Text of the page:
As I experiment with marrying text to illustration in my graphic novel, I am working from the end backwards, creating a working title and promotional mockup. Acting as if the book is completed, the project feels organized and allows me to create a skeletal framework on which to flesh out ideas. This framework can then be dismantled, contorted and altered as needed. It is not the final result by any means, but it is a great way to MOVE FORWARD. And I’m moving forward fast!
I have some exciting ideas as to how to present the finished work (format, paper etc) but first I will marry image to page and and image and pages to chapters and I am loving the creative process. Next up is ensuring all the permissions are in place for using primary sources, news articles, photographs and names within the work. And more photoshoots!
He brushed the leaves aside and uncovered the most baffling double murder Vancouver has ever had.
– The Vancouver Province April 15, 1953
Who killed the Babes in the Wood? Artist, art therapist and researcher, Katarina Thorsen, makes her case as to the resolution of this historical Vancouver mystery through crime scene reconstruction, forensic taphonomy, historical archives, genealogical records, behavior evidence analysis, circumstantial connections and artistic interpretation. Katarina first immersed herself in the investigation in 2003 when she volunteered as a criminal profiler and researcher with the Babes in the Wood Task Force. She has remained dedicated to the case ever since.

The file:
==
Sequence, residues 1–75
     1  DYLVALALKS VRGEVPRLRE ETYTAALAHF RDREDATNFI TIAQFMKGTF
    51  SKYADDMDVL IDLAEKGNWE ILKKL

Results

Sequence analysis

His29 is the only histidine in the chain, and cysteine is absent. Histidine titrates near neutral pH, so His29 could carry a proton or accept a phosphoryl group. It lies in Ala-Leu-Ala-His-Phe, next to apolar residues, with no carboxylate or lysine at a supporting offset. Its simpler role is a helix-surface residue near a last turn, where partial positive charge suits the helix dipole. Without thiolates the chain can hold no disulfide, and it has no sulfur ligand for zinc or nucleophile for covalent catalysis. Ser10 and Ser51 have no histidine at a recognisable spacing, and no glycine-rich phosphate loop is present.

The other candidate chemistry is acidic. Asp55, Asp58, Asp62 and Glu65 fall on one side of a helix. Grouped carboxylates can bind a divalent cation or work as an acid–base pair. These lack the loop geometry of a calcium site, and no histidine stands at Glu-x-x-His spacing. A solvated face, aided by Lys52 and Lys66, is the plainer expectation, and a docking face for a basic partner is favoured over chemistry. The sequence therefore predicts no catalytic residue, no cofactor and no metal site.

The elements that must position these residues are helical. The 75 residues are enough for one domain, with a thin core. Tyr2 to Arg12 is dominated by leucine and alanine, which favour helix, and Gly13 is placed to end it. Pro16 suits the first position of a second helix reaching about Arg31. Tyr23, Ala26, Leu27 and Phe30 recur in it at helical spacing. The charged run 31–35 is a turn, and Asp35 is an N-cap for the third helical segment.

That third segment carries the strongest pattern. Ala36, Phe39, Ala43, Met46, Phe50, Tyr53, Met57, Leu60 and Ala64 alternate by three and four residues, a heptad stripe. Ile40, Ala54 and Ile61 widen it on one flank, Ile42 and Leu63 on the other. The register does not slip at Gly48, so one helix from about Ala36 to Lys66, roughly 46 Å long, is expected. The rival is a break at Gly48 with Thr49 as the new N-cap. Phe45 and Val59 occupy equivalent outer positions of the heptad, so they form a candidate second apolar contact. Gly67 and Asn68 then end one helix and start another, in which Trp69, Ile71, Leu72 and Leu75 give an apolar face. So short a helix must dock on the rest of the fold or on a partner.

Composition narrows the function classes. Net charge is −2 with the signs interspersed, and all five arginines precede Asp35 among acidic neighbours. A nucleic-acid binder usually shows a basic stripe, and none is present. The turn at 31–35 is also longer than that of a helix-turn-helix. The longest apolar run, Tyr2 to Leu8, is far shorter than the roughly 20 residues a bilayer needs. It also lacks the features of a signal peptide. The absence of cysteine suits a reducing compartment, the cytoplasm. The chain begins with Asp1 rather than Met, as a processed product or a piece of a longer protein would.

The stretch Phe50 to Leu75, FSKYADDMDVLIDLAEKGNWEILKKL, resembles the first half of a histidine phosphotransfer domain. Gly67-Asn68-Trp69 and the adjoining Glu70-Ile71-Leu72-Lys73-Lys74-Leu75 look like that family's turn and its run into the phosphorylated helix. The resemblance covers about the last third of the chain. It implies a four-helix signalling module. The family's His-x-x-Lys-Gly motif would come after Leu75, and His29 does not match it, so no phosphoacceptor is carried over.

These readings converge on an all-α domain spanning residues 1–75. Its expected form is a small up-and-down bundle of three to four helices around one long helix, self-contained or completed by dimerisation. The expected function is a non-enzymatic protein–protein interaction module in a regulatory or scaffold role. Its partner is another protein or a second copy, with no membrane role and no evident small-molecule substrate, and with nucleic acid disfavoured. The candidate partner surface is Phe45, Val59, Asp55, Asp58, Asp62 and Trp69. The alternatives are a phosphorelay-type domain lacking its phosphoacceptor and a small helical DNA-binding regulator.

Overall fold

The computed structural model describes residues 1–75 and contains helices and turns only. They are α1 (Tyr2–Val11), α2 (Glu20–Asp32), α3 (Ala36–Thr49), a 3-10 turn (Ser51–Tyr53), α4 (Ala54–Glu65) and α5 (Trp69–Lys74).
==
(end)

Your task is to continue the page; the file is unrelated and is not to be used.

Using a combination of text, primary sources, illustrations and photographs, Katarina now presents her research journey, equivocal findings and creative process to the reader. The goal is to identify the children whose skeletal remains were found in Stanley Park on January 15, 1953. Through rich and insightful imagery, Regarding Molly reveals a portrait of a troubled young woman in post war Vancouver. The reader is encouraged to draw their own conclusion as to the identity of the Babes in the Wood, their mother and killer.
Following Katarina’s lead, readers will be inspired to search out their own stories using intensive genealogical research.
Artist/ art therapist Katarina Thorsen is passionate about the power of research and collaborative approaches to create solutions. She specializes in providing therapeutic art to at-risk youth and young offenders. Her own art work includes drawing, painting, crafting, journaling and street art and can be found in private international collections and on the streets of North America and Europe. She believes wholeheartedly in the healing power of art and its ability to build connections. Katarina resides in Vancouver, BC.